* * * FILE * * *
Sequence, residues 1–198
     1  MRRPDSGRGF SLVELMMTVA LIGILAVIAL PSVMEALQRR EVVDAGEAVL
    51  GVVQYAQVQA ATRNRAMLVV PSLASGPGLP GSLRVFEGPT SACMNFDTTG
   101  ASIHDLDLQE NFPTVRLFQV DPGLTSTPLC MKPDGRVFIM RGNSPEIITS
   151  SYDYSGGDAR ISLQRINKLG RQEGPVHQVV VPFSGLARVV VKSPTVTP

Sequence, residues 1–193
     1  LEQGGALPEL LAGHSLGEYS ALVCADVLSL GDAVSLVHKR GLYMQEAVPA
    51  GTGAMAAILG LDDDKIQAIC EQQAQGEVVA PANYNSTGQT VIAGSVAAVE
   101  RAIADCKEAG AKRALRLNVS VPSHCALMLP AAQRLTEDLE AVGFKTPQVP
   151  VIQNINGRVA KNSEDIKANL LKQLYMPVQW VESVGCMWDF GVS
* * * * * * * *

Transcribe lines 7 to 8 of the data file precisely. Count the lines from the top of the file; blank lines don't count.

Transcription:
     1  LEQGGALPEL LAGHSLGEYS ALVCADVLSL GDAVSLVHKR GLYMQEAVPA
    51  GTGAMAAILG LDDDKIQAIC EQQAQGEVVA PANYNSTGQT VIAGSVAAVE